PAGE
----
In a secluded corner of Sioux City, Iowa, there is a little taste of heaven that most local residents don't know about.
I've lived here for almost 19 years, and until recently, I knew very little about the Carmelite monastery found on a dead-end street in the midst of the Loess Hills that Sioux City is built upon. To learn a little bit more about Sioux City's only monastery, I decided to go there on a Sunday afternoon for Vespers a few weeks ago.
While driving to the monastery, it struck me how isolated it is. Sioux City isn't exactly a big city according to the standards of the rest of the world, but with over 100,000 in the metropolitan area, it is relatively large compared to other cities of the Upper Midwest. The Carmelites, though, found a place within the city where it feels like you are alone amongst the hills and trees.
Founded in 1962, the Carmelites recently celebrated the 50th anniversary of the beginning of their monastery in Sioux City. As a contemplative order, their primary vocation is to pray for the community and for the world within the silence of their cloister.
Through the spiritual practices I have tried to adopt, I thought I was getting used to silence. But, upon entering the chapel of the monastery, I still found the absolute silence of the cloister to be beyond anything I have experienced before.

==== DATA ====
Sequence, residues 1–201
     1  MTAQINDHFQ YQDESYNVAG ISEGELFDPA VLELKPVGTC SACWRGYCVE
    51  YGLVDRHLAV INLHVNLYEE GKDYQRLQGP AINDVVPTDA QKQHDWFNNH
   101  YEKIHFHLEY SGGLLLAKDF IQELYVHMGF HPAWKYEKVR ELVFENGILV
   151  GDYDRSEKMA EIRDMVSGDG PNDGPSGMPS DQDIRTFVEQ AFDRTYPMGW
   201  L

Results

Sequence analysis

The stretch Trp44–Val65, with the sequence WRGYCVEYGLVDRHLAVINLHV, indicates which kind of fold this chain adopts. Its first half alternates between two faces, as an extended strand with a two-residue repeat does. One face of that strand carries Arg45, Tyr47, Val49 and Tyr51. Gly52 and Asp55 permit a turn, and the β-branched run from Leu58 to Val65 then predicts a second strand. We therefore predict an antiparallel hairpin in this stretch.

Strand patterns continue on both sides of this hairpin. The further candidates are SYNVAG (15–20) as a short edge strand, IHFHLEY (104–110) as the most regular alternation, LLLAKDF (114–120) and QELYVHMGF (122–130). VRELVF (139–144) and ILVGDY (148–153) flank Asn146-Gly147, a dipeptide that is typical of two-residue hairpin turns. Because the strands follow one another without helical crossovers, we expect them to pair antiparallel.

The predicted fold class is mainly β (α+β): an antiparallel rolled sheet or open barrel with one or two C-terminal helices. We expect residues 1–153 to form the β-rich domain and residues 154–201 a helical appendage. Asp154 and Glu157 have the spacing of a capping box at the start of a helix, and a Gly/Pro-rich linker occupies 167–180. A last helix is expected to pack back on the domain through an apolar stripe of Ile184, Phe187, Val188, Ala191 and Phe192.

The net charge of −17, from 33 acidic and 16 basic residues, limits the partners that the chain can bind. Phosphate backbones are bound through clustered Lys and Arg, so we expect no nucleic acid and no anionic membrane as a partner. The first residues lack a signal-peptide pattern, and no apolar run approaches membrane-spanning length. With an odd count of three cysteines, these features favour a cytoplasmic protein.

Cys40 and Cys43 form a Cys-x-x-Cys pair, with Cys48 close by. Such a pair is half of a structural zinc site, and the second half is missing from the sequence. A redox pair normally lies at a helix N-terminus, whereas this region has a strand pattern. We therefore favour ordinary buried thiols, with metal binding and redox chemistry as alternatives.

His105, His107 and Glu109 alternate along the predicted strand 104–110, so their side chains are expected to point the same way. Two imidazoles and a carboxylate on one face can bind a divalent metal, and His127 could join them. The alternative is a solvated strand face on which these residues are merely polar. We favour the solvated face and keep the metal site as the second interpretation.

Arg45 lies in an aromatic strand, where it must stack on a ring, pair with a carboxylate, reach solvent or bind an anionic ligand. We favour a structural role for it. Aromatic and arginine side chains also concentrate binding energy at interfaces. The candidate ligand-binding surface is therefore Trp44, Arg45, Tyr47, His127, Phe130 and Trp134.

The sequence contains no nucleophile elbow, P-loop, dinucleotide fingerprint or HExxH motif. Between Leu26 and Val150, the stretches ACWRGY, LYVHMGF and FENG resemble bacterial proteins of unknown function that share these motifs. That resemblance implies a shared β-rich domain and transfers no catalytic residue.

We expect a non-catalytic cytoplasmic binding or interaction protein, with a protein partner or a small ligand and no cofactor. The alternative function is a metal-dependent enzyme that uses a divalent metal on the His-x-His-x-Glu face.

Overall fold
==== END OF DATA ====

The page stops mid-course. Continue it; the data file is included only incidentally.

The silence was broken by the prayers of the nuns, who softly spoke the words of the rosary. After completing that devotion, Vespers began. With a little help from one of the other guests who came to pray with the nuns, I was able to follow along with the order of the service, since the Carmelites follow the traditional order of Vespers according to the Western Church, and the Lutheran order for Vespers largely follows that order. Even the hymns sung that evening were familiar.
After the service, I had the opportunity to briefly speak with Mother Joseph, the prioress of the order. Her words, and the calm inflection of her voice, reflected the peaceful environment of the place. She invited me to return, and I intend to return to this hidden gem to share in what the Carmelites have to offer - a chance to experience what the Psalmist wrote about in Psalm 46:10 - "Be still, and know that I am God".